AK Ballot: Alaskans will vote this November whether to hold a state constitutional convention, and the Alaska Beacon’s Lisa Phu writes that this once-in-a-decade referendum has become an abortion rights battleground now that the U.S. Supreme Court has overturned Roe v. Wade. The Alaska Supreme Court in 1997 recognized that the state’s governing document protects the right to an abortion, and pro-choice groups are urging voters to keep the status quo in place by voting “no.”
Anti-choice forces, likewise, understand that a victory for the “yes” side would give them a chance to outlaw abortion in a state where it’s otherwise difficult to amend the state constitution. It takes two-thirds of both the state House and Senate to put a constitutional amendment proposal on the ballot, and while two state Senate committees last year advanced a proposal reading, “To protect human life, nothing in this constitution may be construed to secure or protect a right to an abortion or require the State to fund an abortion,” it failed to receive a floor vote in either chamber. Senate Republicans and their one Democratic ally currently hold a 14-6 supermajority, but the House is run by a coalition of Democrats, independents, and a few Republicans.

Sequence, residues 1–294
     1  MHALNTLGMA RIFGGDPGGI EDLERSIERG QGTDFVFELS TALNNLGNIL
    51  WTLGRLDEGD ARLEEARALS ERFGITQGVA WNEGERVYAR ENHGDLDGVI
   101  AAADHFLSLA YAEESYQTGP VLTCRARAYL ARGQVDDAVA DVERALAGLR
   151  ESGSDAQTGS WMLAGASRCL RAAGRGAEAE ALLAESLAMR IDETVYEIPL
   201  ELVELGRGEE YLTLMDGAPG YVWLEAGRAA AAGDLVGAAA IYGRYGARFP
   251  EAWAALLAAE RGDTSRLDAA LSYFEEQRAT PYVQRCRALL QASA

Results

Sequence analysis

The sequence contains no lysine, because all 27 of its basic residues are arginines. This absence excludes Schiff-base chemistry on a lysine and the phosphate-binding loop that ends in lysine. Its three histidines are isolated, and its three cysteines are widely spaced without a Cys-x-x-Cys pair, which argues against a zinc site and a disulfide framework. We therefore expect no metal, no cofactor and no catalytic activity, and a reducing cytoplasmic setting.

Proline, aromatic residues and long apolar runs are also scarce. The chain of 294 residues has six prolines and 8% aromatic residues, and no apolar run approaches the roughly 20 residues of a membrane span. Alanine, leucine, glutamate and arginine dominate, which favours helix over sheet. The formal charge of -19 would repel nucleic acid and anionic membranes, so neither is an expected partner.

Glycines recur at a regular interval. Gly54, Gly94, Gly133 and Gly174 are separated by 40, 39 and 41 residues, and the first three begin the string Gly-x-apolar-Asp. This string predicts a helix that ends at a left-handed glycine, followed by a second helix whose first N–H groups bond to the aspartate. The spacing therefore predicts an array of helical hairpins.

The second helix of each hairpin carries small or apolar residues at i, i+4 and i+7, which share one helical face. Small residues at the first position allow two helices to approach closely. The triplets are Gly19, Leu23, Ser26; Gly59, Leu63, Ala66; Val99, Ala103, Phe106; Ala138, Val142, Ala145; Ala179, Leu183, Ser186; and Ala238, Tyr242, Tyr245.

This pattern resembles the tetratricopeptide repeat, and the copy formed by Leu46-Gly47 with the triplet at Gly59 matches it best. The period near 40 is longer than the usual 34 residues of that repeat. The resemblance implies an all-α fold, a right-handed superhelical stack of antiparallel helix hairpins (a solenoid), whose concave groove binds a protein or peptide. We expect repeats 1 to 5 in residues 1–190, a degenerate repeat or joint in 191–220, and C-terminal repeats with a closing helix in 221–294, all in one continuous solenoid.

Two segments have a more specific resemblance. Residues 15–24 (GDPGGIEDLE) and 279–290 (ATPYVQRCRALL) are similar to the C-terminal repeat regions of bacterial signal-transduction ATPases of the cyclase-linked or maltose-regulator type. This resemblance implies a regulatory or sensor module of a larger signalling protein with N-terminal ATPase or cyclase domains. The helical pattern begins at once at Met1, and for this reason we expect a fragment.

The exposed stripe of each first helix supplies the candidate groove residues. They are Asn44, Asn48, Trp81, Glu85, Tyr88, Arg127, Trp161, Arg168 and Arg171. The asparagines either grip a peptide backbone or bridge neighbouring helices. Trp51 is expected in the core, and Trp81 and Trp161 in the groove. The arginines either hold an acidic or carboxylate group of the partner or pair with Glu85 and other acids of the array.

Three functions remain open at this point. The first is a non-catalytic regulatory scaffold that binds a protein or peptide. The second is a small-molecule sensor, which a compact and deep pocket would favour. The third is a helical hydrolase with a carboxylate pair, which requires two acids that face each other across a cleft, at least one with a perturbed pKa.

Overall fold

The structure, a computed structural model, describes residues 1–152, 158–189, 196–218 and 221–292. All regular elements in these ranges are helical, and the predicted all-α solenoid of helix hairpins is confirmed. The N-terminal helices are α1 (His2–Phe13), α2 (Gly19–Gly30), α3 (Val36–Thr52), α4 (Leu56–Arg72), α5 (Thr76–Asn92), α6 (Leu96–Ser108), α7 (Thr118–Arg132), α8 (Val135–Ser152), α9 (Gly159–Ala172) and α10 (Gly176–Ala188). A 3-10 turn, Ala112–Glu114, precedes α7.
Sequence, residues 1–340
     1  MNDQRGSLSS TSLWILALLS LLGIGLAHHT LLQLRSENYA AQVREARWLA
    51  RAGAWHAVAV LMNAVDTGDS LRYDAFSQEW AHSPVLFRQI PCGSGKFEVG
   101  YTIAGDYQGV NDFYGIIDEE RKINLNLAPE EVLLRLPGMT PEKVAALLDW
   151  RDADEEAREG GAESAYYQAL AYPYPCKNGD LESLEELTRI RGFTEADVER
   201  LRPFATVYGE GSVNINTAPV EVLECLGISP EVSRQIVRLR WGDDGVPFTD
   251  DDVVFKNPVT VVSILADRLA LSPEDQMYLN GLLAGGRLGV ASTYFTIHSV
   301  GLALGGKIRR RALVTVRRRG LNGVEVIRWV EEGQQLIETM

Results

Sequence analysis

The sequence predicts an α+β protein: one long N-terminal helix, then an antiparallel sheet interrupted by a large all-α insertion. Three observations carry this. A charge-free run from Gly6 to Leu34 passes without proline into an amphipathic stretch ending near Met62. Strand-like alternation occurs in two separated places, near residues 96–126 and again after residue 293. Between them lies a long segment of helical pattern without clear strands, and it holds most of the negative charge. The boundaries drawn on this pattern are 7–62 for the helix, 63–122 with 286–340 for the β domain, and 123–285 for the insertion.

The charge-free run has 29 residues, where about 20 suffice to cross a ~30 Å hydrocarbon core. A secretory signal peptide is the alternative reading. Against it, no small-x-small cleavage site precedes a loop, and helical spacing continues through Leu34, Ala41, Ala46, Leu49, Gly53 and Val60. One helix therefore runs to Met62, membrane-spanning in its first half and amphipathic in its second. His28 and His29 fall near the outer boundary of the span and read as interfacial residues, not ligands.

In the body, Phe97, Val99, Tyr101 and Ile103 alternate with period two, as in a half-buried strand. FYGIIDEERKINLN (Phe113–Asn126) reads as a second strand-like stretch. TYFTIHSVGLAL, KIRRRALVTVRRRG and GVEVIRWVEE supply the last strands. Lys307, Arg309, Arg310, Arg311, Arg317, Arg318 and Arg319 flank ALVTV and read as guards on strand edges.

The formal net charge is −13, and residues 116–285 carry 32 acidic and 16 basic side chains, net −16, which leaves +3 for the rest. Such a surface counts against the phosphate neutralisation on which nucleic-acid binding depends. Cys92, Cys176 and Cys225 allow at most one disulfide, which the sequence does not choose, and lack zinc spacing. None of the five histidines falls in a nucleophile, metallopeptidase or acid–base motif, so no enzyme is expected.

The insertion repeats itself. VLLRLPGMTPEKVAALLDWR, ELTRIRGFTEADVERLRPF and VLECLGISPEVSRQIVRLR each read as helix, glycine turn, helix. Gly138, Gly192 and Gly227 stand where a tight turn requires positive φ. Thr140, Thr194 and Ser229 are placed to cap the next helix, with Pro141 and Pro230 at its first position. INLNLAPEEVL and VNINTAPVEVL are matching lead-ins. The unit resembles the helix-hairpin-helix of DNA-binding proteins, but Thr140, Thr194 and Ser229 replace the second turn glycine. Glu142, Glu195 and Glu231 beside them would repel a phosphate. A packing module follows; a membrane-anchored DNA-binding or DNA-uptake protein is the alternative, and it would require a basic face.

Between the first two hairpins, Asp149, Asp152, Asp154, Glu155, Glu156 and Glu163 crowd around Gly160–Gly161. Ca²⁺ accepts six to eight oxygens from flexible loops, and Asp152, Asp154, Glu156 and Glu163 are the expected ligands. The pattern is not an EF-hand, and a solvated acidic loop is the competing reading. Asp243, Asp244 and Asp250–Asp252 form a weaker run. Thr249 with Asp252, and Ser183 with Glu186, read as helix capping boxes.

If a majority voted “no” this fall, then this referendum would next take place in 2032. (Alaska is one of 14 states where constitutional convention questions automatically appear on the ballot after a set number of years; in 2012, “no” won 67-33.) If “yes” came out on top, however, the lieutenant governor’s office says, “The process could take as long as four-plus years or, depending on the legislature, it could be as short as, say, two years.” Phu explains that after the convention finished its work, voters would need to approve any amendments or other revisions to the constitution. The Last Frontier held its last constitutional convention in 1955 and 1956, which was a few years before Alaska became a state.